Rockwell Worm Drive Circular Saw: Part 2

I hadn’t planned on replacing any bearings in this saw, but the rear one was sticking out and I have a few spare bearings sitting around.  So, here I am pulling the bearing.  I then used a appropriately sized socket and a hammer to drive the new bearing into place.


With this done I decided some paint would freshen the saw up.  I sanded the body of the saw to knock off the loose paint and scuff up the surface.  I masked off the labels and anything I didn’t want to get painted.  I pulled the handle apart to mask off the switch and cord.  I’m pretty sure I wasn’t the first person to pull the handle apart as one of the wires was squished.


I wiped everything down with paint thinner and then hit everything with a coat of spray paint.  How do you like my fancy drying rack?  Note the use of a glove to protect the armature.


Here’s the rear of the saw after the paint has dried.  There was a mismatch of screws holding the handle together so I took a trip to the store and picked up some new ones.  The screws were 8-32 but I ended up using M4 washers because they smaller than the standard washers.  These washers fit in the recesses in the handle and were much closer to what I believe was stock based off some of the screws I removed.


Here’s another shot of the painted parts.  I’ve removed the tape I placed over the sticker.  I probably should have removed the sticker since it was torn up but decided to keep it.  I’m sure a saw without a warning sticker would just excite a lawyer.


Putting the saw back together is just the reverse of taking it apart which I covered in Part 1.  Here I’ve reinstalled the screws and bolt that hold the two primary sections of the saw together.


Then the upper and lower guards are reinstalled.



Once the saw was reassembled I added the worm drive lubricant.  Supposedly, the lubricant is close to gear oil but this contains anti-foaming compounds.  The lubricant can be found online (and in stores too I’m sure) for around $8 and you don’t need it all to fill up the reservoir.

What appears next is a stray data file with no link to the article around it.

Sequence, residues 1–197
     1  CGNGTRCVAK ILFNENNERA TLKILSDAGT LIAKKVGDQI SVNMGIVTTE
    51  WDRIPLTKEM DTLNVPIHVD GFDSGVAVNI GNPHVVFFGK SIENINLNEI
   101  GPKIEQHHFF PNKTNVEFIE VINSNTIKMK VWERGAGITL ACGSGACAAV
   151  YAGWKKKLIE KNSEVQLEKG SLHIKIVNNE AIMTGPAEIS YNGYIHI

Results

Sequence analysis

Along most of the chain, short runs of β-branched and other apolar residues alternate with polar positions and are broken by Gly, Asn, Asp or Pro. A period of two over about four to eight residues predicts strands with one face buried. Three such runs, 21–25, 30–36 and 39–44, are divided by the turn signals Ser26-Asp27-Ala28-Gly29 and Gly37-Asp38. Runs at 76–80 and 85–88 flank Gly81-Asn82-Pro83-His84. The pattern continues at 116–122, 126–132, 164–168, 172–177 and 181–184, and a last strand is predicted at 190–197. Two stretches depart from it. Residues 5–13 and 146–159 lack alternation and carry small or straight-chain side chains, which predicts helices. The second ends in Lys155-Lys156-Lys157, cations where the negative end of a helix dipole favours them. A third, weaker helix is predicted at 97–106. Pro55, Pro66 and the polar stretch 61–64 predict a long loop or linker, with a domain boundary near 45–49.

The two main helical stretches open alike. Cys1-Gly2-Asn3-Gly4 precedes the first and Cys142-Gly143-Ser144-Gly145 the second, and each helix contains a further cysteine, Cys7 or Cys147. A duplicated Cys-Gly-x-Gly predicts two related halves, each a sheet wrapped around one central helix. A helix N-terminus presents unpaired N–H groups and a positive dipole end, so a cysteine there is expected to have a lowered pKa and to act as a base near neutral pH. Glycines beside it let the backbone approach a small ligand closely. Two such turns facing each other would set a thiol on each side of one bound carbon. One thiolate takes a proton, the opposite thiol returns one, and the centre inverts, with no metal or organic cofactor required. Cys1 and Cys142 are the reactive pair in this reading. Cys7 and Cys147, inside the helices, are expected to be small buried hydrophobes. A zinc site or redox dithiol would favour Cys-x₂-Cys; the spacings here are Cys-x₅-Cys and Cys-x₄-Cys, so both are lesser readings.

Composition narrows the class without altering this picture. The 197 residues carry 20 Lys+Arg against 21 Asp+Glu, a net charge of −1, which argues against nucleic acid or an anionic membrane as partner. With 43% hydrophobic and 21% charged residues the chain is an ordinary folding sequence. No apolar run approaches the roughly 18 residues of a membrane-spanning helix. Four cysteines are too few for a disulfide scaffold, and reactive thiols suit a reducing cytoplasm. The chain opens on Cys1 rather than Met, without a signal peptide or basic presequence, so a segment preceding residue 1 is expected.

Here’s the saw ready to go with a new blade.  I knocked the rust off the base but there’s not to much that can be done with it.  If I strip it down to bare metal it’ll just rust again.  If I paint it then it’ll just wear off. I also replaced the plug on the end of the cord.


Here’s another view of the saw.


I’ve used it to cut a couple boards and happy to report that it cuts well.  The only plastic in this thing are the brush caps and trigger switch.  I thought the handle was plastic at first but some sanding revealed it was Aluminum.  I’m sure all weight is an aid cutting downhill but I’d hate to cut overhead for too long with it.  Either way it happily chews through would without slowing down.  What more can you ask for?

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8 Responses to Rockwell Worm Drive Circular Saw: Part 2

  1. Charlie says:

    Great posts! I love that these old tools can be fixed up and given new life again. I’m sure this circular saw still has many more years of cutting ahead of it!

  2. Jim says:

    David and Steve, I have the same unit. Mine is a Model 568, Type 2. Mine works fine, used it today to rip some plywood. Powerful! – Packed with gunk also. Got this link from another site. There is a parts breakdown. Some parts are actually avalable.

    I’ve gone through three cheap skill type saws, but this one keeps on going!


    • Steven swickard says:

      Just picked one at garage sale 40 bucks 568 type 2 in almost perfect condition with therockwell original case and tools .Its a beast .Do you know the date of this?

  3. Martin Marquette says:

    I have the same saw, but it needs a new motor or else has an internal wiring problem as it won’t power up. Anyway, I started to disassemble and got stuck at removing the rear piece that houses the armature. The case rotates freely with the armature, but doesn’t want to come off. Does it just pull off the armature shaft or am I not seeing a retaining clip of some sort? Your pics and instructions didn’t show this.

    • davidjbod says:

      Best I recall, the end of the armature is pressed into a bearing which has been pressed into the case. Once the brushes have been pulled you should be able to carefully pry between the case halves to remove the armature.

      Good luck,

  4. John R. Broskley says:

    Hats off to you. Not many would embark on this feat. Good work. The Prazzi beam cutter bolts right to it in case you need to cut up to 12″ timbers. Only takes a minute to do.I got lucky. Mine came from a university and don’t think it was ever used.

  5. Tommy Quinn says:

    I have five of them, all red labels. I had a blue label like yours years ago but it got ripped off on a job. These are hands down the best worm drives ever made and I buy everyone I see.

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